The Yorkshire spa town of Harrogate was identified as the focal point for research in the knowledge that ‘spas’ or ‘watering places’ are historically reputed for their social activities of which dancing was an integral and important feature. The social life of the south of England spas such as Bath and Cheltenham is fairly well documented but, although the north of England spas are frequently referred to, little seems to be known of their dancing activities. The aim of the investigation was to discover whether this Yorkshire spa would prove to be characteristically similar to other better-known spas in terms of social dance trends. It is possible that the processes outlined here could be applied to historical studies in other regional cultures.
A regional locality can refer to any area or district delineated for the purposes of the study. It could, for example, encompass a whole or parts of a city, a town or village. A locality, might, therefore be identified for its urban or rural characteristics although inevitably there will be points of overlap.
There may be a number of possible reasons for identifying a specific locality for a dance history study. The distinctive character of a particular city, town or village could be a significant factor in determining the nature of the historical study. Special features may exist such as buildings of particular dance interest. The local city dance hall or palais de danse, the spa town assembly rooms, are landmarks in the history of dance and as such provide possible sources for investigation. The existence of other dancing places such as village maypoles or local ‘dancing stones’ may provide additional clues to the context in which the dance activity arose, for example, social or traditional, and the type of dance activity which took place there.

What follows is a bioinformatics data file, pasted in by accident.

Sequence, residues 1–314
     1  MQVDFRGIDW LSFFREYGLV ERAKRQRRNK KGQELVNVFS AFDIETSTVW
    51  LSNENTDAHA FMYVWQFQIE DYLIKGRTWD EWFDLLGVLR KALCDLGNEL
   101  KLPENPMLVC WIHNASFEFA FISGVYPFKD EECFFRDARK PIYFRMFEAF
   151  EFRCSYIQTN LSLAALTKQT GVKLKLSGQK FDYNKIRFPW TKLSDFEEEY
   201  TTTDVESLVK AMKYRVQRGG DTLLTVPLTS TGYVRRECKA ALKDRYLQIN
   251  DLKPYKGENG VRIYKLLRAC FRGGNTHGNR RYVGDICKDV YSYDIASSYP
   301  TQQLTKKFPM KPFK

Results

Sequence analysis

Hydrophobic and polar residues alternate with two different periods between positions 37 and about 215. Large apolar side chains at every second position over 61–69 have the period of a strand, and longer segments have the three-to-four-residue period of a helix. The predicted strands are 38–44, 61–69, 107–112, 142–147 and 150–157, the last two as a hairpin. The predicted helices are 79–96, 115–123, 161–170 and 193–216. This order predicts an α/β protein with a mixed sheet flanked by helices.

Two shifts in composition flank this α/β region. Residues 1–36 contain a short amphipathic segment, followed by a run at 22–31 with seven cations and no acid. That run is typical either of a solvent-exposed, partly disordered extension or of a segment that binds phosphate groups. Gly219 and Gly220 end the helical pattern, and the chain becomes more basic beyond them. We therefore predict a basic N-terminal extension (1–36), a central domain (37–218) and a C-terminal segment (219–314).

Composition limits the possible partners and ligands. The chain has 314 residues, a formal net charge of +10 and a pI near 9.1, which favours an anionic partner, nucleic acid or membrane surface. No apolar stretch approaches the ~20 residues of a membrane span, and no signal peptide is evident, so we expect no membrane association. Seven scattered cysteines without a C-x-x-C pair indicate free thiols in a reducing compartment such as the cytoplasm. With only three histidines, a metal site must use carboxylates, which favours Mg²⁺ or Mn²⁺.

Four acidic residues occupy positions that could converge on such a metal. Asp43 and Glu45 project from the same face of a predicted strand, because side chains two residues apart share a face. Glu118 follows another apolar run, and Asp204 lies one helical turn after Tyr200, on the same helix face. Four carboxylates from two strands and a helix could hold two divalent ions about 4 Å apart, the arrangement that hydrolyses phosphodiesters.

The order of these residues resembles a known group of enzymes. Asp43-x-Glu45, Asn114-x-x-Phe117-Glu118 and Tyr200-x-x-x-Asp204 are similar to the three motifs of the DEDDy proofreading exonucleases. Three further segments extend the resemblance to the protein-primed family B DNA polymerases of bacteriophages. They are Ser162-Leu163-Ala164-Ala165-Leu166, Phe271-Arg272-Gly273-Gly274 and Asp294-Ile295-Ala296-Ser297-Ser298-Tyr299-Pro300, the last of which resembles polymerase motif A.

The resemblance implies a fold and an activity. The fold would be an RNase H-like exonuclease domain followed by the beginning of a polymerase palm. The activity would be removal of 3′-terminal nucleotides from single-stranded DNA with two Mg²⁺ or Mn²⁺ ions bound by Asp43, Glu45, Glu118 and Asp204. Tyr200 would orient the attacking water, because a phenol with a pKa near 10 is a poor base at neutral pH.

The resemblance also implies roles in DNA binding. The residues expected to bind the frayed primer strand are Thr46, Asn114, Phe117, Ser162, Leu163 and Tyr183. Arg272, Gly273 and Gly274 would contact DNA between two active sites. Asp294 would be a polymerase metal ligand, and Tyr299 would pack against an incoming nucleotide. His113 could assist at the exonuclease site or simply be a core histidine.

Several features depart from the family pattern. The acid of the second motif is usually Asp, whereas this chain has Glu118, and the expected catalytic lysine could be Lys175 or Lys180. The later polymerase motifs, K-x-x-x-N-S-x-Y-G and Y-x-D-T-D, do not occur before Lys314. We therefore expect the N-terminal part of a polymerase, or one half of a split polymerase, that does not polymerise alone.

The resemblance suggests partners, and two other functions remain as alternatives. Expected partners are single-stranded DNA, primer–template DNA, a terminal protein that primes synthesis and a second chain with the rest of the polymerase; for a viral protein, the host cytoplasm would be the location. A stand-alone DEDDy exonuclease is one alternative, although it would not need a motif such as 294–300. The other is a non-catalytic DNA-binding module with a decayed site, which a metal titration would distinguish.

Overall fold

A significant example of a building providing a clue to an aspect of dance history exists in the city of Norwich, England, where a local cinema carries the name ‘Noverre’. To anyone unfamiliar with the history of dance this name may well be meaningless, but to someone more knowledgeable it will be associated with the celebrated Jean-Georges Noverre (1727-1810). Further enquiries would reveal that this same Noverre was related to a well-known family of Norwich dancing masters and this could provide the basis for subsequent historical research (see Fawcett 1970).